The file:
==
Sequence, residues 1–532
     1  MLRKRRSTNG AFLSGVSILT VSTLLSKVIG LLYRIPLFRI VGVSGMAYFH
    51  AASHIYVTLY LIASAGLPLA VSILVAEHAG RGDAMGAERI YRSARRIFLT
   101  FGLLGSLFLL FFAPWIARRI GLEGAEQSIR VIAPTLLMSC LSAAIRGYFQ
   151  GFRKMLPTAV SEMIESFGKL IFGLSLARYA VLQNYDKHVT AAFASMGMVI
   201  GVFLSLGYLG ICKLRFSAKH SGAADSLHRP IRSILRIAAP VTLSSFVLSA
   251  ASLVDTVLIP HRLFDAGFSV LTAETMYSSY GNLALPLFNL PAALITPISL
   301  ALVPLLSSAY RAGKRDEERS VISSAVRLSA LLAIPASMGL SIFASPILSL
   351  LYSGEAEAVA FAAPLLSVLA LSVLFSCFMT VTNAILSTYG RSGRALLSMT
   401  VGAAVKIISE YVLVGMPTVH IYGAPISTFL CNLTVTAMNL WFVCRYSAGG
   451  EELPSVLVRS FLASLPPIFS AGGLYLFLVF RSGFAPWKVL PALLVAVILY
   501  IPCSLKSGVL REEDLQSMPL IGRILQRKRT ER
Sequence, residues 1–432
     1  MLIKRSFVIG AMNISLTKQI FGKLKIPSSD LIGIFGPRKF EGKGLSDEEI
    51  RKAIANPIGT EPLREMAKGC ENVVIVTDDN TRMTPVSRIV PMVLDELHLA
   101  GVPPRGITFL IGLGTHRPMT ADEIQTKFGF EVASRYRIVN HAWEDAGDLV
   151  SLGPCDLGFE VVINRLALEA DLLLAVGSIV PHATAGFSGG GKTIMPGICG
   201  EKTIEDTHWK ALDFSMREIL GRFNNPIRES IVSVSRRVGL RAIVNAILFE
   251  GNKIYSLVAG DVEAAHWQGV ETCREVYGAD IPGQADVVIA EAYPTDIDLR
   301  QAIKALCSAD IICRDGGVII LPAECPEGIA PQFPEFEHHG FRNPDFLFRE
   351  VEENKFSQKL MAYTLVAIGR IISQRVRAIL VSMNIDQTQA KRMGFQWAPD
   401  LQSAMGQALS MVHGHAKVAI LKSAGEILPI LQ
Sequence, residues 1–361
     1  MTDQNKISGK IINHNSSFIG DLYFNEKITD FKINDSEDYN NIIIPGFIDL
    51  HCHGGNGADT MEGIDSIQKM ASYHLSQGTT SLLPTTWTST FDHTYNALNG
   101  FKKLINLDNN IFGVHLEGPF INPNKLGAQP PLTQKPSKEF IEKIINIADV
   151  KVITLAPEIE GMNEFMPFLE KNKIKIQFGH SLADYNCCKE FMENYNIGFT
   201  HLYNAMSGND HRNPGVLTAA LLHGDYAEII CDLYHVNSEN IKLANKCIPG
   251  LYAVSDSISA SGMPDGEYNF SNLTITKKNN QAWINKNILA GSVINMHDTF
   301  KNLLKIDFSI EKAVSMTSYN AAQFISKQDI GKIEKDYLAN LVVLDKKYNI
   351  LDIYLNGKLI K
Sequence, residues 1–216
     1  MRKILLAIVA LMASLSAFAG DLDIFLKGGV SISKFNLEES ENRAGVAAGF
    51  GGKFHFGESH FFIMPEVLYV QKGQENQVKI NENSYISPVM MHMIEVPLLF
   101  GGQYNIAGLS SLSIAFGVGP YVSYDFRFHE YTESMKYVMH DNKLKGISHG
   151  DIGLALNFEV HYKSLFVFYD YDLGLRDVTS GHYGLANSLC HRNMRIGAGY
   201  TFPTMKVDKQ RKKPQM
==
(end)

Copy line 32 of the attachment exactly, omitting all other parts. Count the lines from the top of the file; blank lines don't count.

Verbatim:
Sequence, residues 1–216